John Stonestreet and Shane Morris on Turning Chemicals Into Code

Back in January, at a meeting held at the Royal Society in London, a team of scientists and investors announced the largest prize ever offered to solve a scientific mystery. Organized by engineer and business consultant Perry Marshall, the whopping prize of $10 million (ten times the Nobel Prize payout) will be given to any person or team who can “arrange for a digital communication system to emerge or self-evolve without…explicitly designing the system.” The point of the contest is to learn where the genetic code came from and how it became the basis for all life.

The winning experiment, according to their website, “must generate an encoder that sends digital code to a decoder,” and transmit at least five bits of information, or roughly half as much as a comparable segment of DNA. In other words, to claim the prize, you must bring into existence the functional equivalent of the first living cell, without intelligently designing the system.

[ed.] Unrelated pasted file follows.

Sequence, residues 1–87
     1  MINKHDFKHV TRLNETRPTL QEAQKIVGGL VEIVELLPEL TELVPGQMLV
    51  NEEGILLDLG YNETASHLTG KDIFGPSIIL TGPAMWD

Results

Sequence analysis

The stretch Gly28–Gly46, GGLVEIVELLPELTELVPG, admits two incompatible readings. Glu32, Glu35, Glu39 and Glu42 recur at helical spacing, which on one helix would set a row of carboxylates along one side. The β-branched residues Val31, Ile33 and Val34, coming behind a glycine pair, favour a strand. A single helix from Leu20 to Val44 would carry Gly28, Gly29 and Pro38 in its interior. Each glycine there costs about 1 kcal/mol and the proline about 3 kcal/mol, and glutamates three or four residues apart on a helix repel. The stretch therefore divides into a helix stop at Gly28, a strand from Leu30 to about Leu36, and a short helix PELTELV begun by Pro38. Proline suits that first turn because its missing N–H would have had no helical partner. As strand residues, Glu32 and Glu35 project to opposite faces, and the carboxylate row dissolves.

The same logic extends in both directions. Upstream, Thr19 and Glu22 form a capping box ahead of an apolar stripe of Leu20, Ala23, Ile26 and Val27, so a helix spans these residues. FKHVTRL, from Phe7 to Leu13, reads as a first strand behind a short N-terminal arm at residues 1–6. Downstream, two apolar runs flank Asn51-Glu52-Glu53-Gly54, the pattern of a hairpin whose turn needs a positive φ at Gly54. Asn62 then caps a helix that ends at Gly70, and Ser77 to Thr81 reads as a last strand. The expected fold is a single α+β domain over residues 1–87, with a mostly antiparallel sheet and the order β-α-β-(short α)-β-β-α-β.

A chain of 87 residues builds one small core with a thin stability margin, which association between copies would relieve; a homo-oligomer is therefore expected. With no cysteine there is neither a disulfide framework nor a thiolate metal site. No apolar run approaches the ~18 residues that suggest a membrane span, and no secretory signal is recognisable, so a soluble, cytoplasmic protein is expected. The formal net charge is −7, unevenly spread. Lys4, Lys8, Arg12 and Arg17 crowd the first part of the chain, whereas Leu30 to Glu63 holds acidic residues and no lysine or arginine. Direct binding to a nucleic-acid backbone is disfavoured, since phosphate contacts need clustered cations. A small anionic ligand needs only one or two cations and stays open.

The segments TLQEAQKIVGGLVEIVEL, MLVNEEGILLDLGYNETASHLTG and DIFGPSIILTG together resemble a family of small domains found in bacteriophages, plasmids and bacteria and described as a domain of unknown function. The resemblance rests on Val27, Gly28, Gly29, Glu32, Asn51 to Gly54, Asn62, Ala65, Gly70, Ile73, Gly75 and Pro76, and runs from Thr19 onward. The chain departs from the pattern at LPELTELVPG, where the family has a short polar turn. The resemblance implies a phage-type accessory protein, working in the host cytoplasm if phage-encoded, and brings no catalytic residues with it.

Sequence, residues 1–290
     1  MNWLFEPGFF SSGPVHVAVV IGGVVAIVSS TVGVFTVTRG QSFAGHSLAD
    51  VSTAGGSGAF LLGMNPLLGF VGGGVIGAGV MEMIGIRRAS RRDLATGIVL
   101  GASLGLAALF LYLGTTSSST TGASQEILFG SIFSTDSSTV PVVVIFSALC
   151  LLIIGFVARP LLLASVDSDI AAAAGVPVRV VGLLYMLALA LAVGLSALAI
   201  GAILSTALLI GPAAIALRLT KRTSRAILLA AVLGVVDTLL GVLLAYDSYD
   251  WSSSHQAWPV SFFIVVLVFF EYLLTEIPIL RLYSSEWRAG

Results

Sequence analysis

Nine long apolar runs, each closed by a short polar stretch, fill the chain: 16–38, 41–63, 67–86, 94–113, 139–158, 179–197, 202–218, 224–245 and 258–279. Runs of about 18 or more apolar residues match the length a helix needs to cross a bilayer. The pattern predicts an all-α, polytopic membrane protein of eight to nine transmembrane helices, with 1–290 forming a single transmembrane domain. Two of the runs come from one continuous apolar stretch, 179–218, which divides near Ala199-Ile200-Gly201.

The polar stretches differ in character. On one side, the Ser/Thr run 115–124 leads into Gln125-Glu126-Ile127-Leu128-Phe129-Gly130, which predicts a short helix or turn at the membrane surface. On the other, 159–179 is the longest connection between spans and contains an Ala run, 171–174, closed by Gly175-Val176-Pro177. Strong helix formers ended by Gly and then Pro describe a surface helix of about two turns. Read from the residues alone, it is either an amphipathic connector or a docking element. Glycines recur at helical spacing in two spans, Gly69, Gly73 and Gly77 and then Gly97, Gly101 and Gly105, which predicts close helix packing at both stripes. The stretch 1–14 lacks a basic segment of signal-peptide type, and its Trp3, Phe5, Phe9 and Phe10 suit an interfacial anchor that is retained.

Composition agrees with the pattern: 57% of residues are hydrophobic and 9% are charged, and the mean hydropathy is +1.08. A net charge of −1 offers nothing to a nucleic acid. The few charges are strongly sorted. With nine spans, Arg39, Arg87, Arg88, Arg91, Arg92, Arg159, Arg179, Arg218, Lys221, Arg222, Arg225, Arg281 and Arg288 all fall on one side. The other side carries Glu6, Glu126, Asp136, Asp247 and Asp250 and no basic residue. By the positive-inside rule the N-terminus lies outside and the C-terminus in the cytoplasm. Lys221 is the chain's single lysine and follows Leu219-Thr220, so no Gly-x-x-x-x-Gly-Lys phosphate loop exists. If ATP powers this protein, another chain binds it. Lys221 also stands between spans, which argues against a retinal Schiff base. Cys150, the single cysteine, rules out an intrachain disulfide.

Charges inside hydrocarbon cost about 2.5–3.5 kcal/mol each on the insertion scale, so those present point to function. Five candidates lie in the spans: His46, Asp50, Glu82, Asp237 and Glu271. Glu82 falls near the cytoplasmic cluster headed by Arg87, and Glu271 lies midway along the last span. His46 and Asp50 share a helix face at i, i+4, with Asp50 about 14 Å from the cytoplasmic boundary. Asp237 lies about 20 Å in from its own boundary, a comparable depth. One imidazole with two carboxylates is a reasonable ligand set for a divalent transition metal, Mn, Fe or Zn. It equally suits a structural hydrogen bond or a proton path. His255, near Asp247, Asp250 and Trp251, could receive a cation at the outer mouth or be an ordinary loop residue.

Judges include Oxford and Royal Society biologist Denis Noble, Harvard Geneticist George Church, and philosopher of science Michael Ruse. According to Noble, a scientist whose work led to the first pacemaker. The prize is so big because evolution “leaves two things completely unexplained: How did life get going in the first place, and what is the origin of the genetic code.”

With refreshing honesty, he continued, “I cannot see personally how DNA could have been there at the beginning. After all, it requires the cell to enable it and to reproduce, and it requires the cell also to correct errors in that reproduction and replication process.”

Perry Marshall explained why he organized the prize by recalling a debate about the origin of life he once had with his brother. Sons of a pastor, Marshall offered a standard argument from design, but his brother retorted that natural processes were sufficient to explain all of life’s complexity.

Marshall wasn’t convinced. As he was writing what would later become his bestselling book on computer networks, he realized that “mathematically [DNA and ethernet] are identical. It’s encoding and decoding. It is a communication system…Genetics is digital communication.”

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SOURCE: Breakpoint, John Stonestreet and Shane Morris

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